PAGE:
Lawmakers in Tennessee have approved a bill that would effectively rescind Vanderbilt University’s controversial policy requiring student groups to have completely open membership admittance and freedom to run for office within that group.
The bill comes after Vanderbilt University took its policy to the extreme by informing a Christian student group that its official recognition was to be revoked because it required its members to have a personal commitment to Jesus Christ.
“It just shows how radical the Vanderbilt administration has become in enforcing a policy that is nonsense,” said Kim Colby, senior counsel for the Christian Legal Society’s Center for Law and Religious Freedom. “A lot of jaws dropped when we saw how far the Vanderbilt administration was taking this.”
Thirteen Christian groups have so far decided to defy the ban on requiring a member to actually be a Christian. Two groups have announced plans to leave campus. Considering that Vanderbilt has a long standing tradition of religious belief (it was originally a Methodist institution established for the study of theology) many student groups are in shock at the bizarre new requirements.
The Foundation for Individual Rights in Education is also concerned by Vanderbilt’s radical new policy and has written an open letter to the Chancellor Nicholas Zeppos asking him to clarify whether the policy will be applied fairly and equally or is merely a targeted persecution of Christian groups. For example, would Vanderbilt’s Muslim Students Association be forced to keep a leader who converted to Christianity? FIRE also asked Zeppos to explain how leaders of Christian groups were to fulfill their responsibilities if they were, as happened to the Christian Legal Society, prohibited from requiring their leaders to ‘lead Bible studies, prayer and worship’ because this implied the necessity of holding a particular religious belief.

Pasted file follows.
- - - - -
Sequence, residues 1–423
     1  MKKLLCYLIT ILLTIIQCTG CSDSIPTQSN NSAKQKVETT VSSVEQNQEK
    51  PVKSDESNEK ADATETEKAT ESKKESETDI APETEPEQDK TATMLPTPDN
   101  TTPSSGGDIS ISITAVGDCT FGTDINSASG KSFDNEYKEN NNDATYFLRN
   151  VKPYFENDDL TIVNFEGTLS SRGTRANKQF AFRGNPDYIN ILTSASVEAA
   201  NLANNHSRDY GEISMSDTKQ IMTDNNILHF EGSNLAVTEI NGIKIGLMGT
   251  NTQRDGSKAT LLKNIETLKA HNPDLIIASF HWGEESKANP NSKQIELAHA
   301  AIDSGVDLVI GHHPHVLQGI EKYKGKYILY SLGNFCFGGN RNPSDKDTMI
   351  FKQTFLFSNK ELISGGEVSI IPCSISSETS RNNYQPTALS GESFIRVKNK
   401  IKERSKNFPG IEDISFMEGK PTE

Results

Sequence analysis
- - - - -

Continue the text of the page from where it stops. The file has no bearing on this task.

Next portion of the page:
State Rep Bill Dunn notes that the ‘all-comers’ policy doesn’t apply to fraternities and sororities which are exempted through federal Title IX regulations that apply to gender issues.
“It shows the hypocrisy of Vanderbilt University,” Dunn said. “They know they can pick on Christian groups and it won’t affect their donors. But if they go after fraternities and sororities they realize it might hit them in the pocket book.”
Many questions in the FIRE letter boil down to the core problem of an open admittance policy for student groups. What to do about groups of students from a differing political, religious belief (or sexual orientation) joining a group deliberately to disrupt or disband it?
The senate vote was won 19-12 and the House vote 61-22. The split was largely along party lines. The bill now goes to Governor Bill Haslam whose likely response is unclear. While he has publicly disapproved of Vanderbilt’s policy he has also indicated that he doesn’t believe the legislature should be interfering in the matter.